How can dizziness or vertigo be treated?

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UCLA Health
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A doctor should evaluate persistent feelings of dizziness. Careful review of the symptoms and, in some cases, additional medical testing may reveal a reversible cause. When dizziness is not treatable, particularly in cases of instability caused by neurological disease, physical therapy and use of assistive devices may reduce the risk of falls and injury.

The first thing that needs to be addressed when dealing with a dizzy patient is to clarify what exactly that word means to them. Dizziness can further be described as light-headed or faint, off balance, or vertiginous. This differentiation is important to establish from the beginning as it dictates the treatment.

If you are feeling light headed, or like you may faint, that may be a sign of low blood pressure, dehydration or low blood sugar. Drink a lot of fluids, make sure you are not skipping meals, and go through any medications you are taking with your primary physician as many can cause low blood pressure and subsequent dizziness. 

If your feelings are more that of disequilibrium or room spinning, you should see a neurologist. After obtaining a full history and performing a careful neurologic examination, you may need to undergo an MRI to make sure the sensation isn't secondary to something in your cerebellum- which is our brain’s center of balance. Often, feeling off balance does not arise from your brain but rather, your inner ear. In this case, you may be sent to an ENT for further work up. When the dizziness stems from an ear issue, there is not only medication to alleviate the symptoms but also exercises that you can do at home to help prevent the onset of dizziness.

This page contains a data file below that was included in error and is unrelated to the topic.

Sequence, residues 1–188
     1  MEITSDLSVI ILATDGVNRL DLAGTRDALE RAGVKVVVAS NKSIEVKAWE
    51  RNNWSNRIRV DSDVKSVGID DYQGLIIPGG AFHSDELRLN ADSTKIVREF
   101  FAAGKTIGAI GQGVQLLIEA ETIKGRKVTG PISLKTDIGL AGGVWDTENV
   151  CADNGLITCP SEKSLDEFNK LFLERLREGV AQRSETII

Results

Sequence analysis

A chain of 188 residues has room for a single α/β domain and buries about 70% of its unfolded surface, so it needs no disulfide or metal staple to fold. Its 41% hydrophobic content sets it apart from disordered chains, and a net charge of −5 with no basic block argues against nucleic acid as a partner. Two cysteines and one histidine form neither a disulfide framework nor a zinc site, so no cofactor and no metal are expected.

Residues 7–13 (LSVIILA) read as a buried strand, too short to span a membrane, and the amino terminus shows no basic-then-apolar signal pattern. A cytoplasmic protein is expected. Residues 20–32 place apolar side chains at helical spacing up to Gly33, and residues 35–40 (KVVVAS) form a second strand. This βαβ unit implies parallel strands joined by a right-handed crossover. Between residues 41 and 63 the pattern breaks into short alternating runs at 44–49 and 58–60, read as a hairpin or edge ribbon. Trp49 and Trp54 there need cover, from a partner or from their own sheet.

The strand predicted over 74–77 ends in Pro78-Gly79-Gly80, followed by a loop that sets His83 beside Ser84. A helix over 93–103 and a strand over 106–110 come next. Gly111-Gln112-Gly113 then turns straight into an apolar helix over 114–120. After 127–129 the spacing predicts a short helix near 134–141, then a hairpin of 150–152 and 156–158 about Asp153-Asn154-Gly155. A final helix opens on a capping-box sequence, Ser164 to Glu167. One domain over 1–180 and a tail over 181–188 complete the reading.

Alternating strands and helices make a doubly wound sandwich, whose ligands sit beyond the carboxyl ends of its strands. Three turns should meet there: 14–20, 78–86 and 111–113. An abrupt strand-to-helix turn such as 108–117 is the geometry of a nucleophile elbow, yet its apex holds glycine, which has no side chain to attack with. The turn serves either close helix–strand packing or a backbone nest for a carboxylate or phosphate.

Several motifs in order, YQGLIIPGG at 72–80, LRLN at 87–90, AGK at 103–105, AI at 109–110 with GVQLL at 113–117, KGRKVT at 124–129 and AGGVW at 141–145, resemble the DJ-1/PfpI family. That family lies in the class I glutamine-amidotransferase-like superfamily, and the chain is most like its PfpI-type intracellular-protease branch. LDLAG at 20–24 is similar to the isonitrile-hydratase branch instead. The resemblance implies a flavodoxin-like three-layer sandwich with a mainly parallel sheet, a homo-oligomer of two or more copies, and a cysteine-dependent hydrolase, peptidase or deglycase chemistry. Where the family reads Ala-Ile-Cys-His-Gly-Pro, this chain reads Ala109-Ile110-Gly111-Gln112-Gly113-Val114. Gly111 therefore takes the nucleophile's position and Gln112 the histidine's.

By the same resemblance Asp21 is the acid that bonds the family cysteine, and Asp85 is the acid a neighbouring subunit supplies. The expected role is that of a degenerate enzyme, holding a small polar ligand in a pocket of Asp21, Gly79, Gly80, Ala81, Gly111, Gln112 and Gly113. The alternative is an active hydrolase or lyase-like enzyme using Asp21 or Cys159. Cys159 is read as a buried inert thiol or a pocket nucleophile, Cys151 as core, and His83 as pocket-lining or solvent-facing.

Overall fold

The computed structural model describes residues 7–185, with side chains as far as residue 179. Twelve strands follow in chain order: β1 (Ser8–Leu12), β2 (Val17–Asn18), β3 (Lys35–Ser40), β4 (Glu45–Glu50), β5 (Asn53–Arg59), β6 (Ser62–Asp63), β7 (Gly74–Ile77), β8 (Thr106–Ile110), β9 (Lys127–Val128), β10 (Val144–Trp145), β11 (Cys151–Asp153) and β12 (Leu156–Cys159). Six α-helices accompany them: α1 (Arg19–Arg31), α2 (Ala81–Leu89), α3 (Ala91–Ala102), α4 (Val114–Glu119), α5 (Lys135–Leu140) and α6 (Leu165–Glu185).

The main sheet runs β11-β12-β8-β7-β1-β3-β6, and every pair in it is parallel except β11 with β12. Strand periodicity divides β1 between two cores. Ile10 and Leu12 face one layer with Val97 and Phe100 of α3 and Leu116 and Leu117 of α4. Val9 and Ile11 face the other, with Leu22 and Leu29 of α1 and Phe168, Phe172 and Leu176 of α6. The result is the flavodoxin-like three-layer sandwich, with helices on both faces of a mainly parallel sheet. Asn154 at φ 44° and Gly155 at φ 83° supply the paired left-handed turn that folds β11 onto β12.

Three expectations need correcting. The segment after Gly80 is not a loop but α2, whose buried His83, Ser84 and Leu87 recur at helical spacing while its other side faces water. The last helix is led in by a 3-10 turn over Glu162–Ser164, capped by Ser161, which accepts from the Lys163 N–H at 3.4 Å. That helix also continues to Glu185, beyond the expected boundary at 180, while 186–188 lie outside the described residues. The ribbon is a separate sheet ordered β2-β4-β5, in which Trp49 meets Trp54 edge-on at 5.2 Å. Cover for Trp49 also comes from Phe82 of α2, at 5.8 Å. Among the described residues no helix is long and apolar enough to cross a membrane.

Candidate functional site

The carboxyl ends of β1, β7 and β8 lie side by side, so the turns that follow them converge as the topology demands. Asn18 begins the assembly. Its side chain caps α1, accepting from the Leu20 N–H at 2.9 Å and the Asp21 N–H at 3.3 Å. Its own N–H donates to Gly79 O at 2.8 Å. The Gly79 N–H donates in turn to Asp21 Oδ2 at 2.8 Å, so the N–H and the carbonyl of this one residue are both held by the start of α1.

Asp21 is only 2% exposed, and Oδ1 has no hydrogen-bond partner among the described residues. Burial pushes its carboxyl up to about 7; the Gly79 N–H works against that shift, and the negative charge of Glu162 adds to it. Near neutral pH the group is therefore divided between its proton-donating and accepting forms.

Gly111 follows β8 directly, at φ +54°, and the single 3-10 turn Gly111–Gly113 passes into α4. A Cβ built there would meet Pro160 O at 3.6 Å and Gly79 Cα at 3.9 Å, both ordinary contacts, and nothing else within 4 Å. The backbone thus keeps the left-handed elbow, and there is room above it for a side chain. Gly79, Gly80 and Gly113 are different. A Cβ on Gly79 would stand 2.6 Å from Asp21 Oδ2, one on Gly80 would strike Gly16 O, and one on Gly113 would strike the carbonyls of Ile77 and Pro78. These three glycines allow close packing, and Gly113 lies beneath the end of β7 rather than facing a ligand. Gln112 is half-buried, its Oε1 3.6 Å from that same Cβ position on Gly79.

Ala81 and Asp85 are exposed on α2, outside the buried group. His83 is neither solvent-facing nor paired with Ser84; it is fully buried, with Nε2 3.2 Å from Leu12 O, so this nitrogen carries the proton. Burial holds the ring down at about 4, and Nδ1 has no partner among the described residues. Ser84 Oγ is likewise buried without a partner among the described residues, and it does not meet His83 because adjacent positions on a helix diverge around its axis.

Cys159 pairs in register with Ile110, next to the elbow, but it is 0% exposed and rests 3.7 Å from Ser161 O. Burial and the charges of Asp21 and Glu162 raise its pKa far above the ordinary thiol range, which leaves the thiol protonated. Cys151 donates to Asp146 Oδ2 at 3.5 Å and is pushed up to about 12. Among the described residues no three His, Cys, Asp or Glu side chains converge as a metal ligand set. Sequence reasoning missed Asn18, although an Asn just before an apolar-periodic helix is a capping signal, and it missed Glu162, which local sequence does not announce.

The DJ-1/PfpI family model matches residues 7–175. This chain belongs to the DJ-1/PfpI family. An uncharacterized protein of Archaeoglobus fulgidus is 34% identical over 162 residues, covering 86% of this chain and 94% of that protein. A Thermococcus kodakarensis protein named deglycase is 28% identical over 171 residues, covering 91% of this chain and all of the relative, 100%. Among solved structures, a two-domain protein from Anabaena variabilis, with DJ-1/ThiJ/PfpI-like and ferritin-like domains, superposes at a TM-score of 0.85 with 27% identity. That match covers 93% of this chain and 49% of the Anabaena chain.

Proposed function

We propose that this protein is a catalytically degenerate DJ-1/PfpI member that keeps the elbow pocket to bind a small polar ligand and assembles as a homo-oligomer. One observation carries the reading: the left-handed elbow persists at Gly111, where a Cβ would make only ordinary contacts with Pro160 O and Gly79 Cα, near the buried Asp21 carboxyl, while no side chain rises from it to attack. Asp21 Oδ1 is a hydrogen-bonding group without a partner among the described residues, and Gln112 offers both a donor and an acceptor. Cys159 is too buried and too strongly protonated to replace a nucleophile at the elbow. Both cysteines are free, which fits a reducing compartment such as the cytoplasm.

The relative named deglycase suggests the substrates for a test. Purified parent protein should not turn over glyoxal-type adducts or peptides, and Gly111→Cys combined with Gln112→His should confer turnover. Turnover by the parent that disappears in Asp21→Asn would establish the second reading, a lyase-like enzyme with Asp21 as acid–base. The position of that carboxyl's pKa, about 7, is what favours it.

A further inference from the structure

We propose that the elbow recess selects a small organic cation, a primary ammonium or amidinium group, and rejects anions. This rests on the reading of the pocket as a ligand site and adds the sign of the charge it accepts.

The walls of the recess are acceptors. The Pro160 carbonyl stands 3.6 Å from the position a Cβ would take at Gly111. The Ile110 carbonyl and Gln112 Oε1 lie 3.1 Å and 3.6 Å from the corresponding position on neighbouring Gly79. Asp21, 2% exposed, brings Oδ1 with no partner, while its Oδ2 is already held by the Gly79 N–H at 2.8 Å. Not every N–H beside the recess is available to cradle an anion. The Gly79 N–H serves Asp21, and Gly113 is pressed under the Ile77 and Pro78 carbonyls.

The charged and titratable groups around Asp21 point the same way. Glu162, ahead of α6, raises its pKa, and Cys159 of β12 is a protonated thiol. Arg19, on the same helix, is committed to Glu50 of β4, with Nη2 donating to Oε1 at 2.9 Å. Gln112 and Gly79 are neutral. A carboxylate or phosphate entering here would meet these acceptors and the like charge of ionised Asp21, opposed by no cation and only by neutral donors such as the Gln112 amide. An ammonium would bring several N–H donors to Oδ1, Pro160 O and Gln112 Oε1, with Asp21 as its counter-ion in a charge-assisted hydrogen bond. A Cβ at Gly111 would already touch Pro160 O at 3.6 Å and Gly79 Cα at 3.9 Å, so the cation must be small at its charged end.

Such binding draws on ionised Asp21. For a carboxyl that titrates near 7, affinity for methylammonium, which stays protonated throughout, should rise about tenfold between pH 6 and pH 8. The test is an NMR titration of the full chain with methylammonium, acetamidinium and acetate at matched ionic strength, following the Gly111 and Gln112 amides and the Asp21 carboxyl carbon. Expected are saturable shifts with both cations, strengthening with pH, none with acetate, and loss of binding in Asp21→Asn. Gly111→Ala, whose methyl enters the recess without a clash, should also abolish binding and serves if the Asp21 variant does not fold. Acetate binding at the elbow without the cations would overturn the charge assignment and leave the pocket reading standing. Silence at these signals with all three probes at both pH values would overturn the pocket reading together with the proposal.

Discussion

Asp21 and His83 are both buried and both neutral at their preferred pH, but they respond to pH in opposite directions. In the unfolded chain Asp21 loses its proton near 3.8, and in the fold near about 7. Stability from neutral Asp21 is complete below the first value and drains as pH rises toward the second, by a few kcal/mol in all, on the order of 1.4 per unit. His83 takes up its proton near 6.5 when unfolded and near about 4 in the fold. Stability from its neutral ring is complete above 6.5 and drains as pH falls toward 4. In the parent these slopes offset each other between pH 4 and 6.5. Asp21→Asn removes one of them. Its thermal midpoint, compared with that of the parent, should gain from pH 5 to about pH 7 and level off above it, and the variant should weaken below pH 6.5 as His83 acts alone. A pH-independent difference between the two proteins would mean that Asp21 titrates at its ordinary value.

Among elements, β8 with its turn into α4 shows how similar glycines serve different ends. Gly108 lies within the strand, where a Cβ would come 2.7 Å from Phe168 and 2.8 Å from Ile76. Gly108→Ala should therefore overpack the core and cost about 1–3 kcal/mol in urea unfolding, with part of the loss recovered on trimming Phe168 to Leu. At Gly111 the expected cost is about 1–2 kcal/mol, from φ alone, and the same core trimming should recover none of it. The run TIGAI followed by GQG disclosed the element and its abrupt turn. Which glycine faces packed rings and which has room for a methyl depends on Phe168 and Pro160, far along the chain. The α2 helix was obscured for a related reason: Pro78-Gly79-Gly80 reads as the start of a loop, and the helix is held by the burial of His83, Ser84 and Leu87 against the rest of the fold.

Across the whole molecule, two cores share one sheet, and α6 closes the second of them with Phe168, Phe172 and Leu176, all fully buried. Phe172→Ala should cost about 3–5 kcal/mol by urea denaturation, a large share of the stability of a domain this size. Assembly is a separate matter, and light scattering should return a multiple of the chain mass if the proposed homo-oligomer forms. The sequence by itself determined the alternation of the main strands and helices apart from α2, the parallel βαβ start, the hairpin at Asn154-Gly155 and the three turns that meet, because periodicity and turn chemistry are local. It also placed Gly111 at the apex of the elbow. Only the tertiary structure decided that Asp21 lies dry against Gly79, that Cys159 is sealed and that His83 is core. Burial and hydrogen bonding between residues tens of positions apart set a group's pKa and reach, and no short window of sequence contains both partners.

Treatment for vertigo and dizziness are based on the cause of each condition. The first step is to diagnose and then treat cause. Fortunately, vertigo and dizziness are often easily diagnosed and treated. Medications such as antihistamines and promethazine for nausea and vomiting may be prescribed in more severe cases; however, medications, in general, are not usually recommended to treat just the symptoms of your vertigo and dizziness.
Vertigo/dizziness is an interesting and common problem. It, unfortunately, is very difficult to treat. Keep yourself well hydrated and ask your doctor if any of your medications can be adding to the problem. Often times it will go away on its own, if it is from a benign cause. In severe chronic cases of vertigo, a special type of rehabilitation can be useful.

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Important: This content reflects information from various individuals and organizations and may offer alternative or opposing points of view. It should not be used for medical advice, diagnosis or treatment. As always, you should consult with your healthcare provider about your specific health needs.